Conger Eel, Conger conger

The conger eel has the easiest-to-remember Latin name of them all: Conger conger. This massive fish can grow to almost 3 m (10 ft) long, the females often being bigger than the males.

Distinctive in shape, the conger lacks scales and has one long fin which stretches from behind the head, all along the body and round the tail to underneath its body. This fin is actually a fusion of the dorsal, tail and anal fins.

Conger Eel in Lobster Trap

Conger eels are widespread. You find them in the Eastern Atlantic from Iceland to Senegal, in the Mediterranean and in the Black Sea. They like to hide in holes and crevices. At night they hunt fish and crustaceans like crabs and lobsters. In spite of this divers often see crustaceans sharing a hole with a conger. Look at the photo below and you will see a squat lobster alongside the eel.

Conger Eel with squat lobster

Congers breed only once in their lives, at between 5 and 15 years of age (recent research indicates mainly at 5, with some living to 8). They migrate to deep water to spawn - some sources say as deep as 4000 m - in one or more areas between Gibraltar and the Azores in the mid-Atlantic. After spawning they die, their larvae drifting back towards coastal waters for up to two years.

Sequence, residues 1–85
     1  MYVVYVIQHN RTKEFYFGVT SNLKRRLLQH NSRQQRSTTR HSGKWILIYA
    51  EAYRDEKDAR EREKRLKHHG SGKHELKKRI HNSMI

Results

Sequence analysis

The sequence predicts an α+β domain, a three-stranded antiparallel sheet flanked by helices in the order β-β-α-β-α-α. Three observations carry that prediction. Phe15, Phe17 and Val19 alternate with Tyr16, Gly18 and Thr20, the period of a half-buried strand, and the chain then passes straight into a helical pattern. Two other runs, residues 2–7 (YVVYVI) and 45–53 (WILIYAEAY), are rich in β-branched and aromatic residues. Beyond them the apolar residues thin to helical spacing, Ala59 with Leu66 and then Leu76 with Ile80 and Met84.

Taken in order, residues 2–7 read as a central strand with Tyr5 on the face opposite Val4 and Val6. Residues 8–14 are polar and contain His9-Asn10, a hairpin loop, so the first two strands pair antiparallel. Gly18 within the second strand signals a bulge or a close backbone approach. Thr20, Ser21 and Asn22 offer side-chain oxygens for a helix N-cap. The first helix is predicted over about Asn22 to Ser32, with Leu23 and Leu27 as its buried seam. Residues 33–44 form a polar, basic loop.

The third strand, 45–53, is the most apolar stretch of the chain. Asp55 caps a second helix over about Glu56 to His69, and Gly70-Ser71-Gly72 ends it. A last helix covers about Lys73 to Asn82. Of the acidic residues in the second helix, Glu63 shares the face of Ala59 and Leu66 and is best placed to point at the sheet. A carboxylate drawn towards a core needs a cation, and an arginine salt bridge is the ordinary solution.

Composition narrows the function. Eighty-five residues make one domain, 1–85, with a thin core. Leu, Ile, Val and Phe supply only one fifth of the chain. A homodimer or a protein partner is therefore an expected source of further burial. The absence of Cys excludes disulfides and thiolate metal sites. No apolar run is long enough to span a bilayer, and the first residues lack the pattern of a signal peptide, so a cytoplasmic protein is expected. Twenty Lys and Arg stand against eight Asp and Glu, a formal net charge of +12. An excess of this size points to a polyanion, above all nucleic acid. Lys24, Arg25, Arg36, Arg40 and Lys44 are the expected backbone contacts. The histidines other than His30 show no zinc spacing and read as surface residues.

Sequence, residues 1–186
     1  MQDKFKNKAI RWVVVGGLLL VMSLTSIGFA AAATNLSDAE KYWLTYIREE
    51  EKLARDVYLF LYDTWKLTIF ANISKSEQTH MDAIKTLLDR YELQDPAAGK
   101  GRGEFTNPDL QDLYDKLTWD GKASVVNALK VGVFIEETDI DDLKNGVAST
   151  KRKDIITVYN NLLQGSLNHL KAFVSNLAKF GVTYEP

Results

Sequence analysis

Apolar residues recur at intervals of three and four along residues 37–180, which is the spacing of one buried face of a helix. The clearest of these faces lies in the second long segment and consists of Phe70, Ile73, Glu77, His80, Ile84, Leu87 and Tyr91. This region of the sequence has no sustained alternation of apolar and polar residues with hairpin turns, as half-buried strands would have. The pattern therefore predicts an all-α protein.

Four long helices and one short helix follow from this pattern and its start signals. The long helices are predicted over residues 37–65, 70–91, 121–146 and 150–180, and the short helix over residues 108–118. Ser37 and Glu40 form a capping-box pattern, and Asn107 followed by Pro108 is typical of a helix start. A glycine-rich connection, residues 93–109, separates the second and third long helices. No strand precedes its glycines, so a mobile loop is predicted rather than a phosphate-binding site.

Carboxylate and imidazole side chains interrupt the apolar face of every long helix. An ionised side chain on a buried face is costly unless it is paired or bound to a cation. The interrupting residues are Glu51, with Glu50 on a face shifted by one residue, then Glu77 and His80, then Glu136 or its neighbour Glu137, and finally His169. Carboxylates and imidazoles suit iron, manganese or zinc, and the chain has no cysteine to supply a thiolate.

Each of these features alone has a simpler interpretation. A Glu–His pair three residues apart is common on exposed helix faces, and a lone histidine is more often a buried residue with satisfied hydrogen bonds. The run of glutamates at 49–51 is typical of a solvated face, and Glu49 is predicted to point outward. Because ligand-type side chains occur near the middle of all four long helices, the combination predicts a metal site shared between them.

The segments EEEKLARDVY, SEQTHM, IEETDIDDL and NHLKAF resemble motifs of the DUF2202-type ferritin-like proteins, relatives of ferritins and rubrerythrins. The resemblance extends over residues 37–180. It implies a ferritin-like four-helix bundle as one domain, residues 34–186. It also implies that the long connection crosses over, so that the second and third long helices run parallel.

As they breed only once, just about all eels which are caught in fishing nets are juveniles which have not yet reached spawning age. They only become sexually mature during the journey to the spawning areas.

Evidence suggests that the eels are being over-fished, but they have not yet been assessed by the IUCN. The Marine Conservation Society, though, recommends not eating Conger Eels as the fisheries target juveniles.

Conger eels are very strong and have been known to attack divers. However, they are docile unless provoked.

Further Reading

Great British Marine Animals by Paul Naylor. An excellent identification guide - read our review.
The Marine Life Information Network
Population structure and connectivity of the European conger eel (Conger conger) across the north-eastern Atlantic and western Mediterranean: integrating molecular and otolith elemental approaches. Mar Biol (2012) 159:15091525, Alberto T. Correia et al.

Photos by Tim Nicholson, whose books and photos are available from

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